From January 1, 2021, absent a further extension, directors of insolvent companies are back on risk for debts incurred by the company from that date. So, looking ahead to next year when the temporary insolvency relief measures no longer exist, and if there is no further government intervention, I think there will likely be a spike in pure insolvency and restructuring work. In this context, directors should be actively looking for solutions now.

The level of pressure applied by creditors who remain unpaid will play a large role in the insolvency numbers next year, especially as statutory demands can once again be issued with shorter timeframes. Additionally, I think there will be a shifting focus from governments, as well as financial institutions, as next year progresses to businesses that are unable to adapt to a post-lockdown environment and who simply cannot address their debt levels. Such businesses may be encouraged to take active restructuring action – be that through the SME restructuring regime, voluntary administration or liquidation.

What sort of actions can businesses take if they’re experiencing difficulty?

Right now, it’s incumbent on businesses and directors to start considering ways to address unsustainable debt burdens during the period leading up to the end of 2020. The most important piece of advice I can give a business experiencing difficulty is to take action now by preparing contingency plans and contemplating how to mitigate or manage the worst-case scenario.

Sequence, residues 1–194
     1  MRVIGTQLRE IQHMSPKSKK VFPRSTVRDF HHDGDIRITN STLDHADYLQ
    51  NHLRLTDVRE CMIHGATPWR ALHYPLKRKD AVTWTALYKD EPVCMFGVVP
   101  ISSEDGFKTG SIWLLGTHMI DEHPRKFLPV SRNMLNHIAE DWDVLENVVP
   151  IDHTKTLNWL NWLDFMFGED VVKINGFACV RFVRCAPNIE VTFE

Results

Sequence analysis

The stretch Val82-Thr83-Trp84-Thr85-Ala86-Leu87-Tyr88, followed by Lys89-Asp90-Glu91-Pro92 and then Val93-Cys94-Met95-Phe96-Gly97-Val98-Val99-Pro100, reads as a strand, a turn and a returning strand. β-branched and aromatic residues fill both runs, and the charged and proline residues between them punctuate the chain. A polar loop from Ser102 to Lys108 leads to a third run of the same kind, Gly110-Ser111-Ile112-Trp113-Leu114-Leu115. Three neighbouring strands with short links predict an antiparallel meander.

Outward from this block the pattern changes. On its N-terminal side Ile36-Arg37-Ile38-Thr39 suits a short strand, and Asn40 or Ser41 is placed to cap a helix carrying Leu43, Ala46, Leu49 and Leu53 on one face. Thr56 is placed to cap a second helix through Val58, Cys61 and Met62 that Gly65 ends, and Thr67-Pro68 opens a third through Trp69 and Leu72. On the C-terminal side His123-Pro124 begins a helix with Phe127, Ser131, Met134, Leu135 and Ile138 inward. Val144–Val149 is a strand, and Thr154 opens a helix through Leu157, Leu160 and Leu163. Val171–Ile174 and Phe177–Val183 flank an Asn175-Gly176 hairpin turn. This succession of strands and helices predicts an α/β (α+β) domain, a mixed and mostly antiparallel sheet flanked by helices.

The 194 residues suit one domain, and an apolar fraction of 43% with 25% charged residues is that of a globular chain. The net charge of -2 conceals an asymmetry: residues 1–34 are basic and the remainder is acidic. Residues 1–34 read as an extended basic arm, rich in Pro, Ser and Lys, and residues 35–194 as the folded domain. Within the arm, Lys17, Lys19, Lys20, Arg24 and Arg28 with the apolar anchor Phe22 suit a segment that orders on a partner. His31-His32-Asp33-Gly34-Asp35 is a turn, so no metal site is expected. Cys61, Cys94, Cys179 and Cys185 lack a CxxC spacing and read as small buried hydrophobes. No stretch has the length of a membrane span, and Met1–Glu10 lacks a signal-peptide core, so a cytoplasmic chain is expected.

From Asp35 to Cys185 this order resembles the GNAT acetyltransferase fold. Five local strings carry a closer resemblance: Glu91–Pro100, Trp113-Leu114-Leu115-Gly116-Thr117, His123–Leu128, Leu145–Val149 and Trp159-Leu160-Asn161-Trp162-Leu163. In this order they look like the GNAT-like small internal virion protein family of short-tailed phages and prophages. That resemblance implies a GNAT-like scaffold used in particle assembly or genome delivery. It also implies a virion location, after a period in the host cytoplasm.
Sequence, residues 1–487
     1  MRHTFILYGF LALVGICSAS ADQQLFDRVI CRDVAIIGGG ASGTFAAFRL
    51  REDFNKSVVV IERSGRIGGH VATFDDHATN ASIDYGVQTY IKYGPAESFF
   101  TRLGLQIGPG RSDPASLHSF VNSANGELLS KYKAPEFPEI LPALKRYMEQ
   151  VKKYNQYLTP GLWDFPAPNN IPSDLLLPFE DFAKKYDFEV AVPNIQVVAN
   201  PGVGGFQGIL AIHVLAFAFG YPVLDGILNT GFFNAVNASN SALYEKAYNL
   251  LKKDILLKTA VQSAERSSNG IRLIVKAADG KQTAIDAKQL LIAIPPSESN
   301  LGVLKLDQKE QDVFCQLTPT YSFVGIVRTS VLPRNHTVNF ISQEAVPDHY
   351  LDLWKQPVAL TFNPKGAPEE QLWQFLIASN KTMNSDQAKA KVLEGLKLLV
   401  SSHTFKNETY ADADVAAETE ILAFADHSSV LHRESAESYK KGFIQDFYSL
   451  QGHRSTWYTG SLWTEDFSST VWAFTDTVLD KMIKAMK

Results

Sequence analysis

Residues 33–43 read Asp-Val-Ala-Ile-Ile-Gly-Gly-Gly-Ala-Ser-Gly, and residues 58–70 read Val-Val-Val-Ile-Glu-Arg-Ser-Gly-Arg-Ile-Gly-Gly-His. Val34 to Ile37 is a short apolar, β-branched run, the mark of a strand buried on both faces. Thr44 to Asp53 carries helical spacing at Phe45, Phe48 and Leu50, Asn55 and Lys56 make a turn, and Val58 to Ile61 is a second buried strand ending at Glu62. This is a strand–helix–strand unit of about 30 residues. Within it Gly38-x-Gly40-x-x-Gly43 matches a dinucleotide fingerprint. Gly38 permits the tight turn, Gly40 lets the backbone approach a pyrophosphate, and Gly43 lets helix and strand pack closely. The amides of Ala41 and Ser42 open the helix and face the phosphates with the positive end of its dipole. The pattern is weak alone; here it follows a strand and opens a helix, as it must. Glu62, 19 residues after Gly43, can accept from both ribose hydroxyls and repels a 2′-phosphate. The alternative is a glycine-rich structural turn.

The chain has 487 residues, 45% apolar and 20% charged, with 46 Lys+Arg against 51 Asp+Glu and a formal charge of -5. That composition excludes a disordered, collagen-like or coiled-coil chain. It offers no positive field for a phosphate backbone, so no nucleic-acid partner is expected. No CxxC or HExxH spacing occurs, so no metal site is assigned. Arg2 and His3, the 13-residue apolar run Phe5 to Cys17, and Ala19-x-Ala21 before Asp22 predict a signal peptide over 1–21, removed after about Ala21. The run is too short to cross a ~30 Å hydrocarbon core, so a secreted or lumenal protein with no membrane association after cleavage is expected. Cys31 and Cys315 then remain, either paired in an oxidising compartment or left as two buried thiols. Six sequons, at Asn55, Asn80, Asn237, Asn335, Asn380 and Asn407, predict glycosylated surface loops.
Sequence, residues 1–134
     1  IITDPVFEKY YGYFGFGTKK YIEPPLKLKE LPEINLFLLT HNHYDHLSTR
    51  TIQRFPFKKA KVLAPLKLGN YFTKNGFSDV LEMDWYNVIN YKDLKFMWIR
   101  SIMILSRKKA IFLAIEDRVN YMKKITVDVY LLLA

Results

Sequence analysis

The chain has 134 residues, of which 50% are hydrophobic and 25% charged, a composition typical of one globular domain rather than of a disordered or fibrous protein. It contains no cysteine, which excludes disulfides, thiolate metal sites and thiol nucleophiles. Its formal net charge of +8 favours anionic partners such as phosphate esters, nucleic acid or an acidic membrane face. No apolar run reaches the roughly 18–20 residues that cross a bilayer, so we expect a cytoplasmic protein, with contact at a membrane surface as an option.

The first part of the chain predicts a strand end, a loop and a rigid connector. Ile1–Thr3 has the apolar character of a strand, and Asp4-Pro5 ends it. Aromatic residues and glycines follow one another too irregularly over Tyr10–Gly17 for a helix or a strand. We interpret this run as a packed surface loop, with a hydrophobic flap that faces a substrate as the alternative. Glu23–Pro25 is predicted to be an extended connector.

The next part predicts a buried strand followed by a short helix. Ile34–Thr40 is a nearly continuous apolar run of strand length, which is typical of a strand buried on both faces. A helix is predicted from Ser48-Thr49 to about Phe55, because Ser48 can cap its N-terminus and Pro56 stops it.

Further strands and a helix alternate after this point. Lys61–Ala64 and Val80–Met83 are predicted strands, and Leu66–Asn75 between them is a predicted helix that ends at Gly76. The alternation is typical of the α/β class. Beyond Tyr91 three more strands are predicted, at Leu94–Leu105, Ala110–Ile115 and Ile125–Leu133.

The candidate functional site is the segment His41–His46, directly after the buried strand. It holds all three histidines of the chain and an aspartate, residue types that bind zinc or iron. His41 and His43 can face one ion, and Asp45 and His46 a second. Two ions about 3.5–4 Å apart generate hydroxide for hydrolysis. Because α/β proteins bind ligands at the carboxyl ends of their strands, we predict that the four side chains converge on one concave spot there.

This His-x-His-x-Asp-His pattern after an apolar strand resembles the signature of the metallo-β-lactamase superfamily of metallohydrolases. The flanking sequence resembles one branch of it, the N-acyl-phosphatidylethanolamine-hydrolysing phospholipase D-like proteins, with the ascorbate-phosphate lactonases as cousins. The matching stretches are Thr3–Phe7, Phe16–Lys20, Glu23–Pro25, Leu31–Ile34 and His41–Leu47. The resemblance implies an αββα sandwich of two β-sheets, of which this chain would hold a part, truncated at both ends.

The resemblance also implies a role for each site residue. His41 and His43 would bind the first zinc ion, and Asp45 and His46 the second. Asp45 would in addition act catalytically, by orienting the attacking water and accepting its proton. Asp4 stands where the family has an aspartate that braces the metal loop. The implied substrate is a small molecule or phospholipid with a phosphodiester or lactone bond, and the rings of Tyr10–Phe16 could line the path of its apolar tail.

Companies who take advice and begin to engage with stakeholders now will be better placed to restructure and survive. It is important to engage with advisors and key stakeholders in a proactive fashion to find a solution to the extent that one is possible. Arm yourself with the facts, understand the financials, take a constructive approach with lenders or creditors and, if it’s possible, present a solution to them.   

Engaging with creditors will be key but it’s important to realize that informal arrangements are only as good as the stakeholders they bind. Even if a company can come to an arrangement with 95 percent of its creditors, it still needs to be on guard about the recalcitrant minority who can potentially take action.

Companies should also be considering whether it is appropriate to take advantage of the broader safe harbour regime provided for in section 588G of the Corporations Act. From a high level, this involves engaging a safe harbour adviser and developing and implementing a plan of action to achieve a “better outcome” as opposed to immediately appointing a liquidator or administrator. In circumstances where directors form the view that the company cannot trade out of their woes nor implement a plan that provides a better outcome, and is, or is likely to become insolvent, then the board must consider the appointment of a voluntary administrator.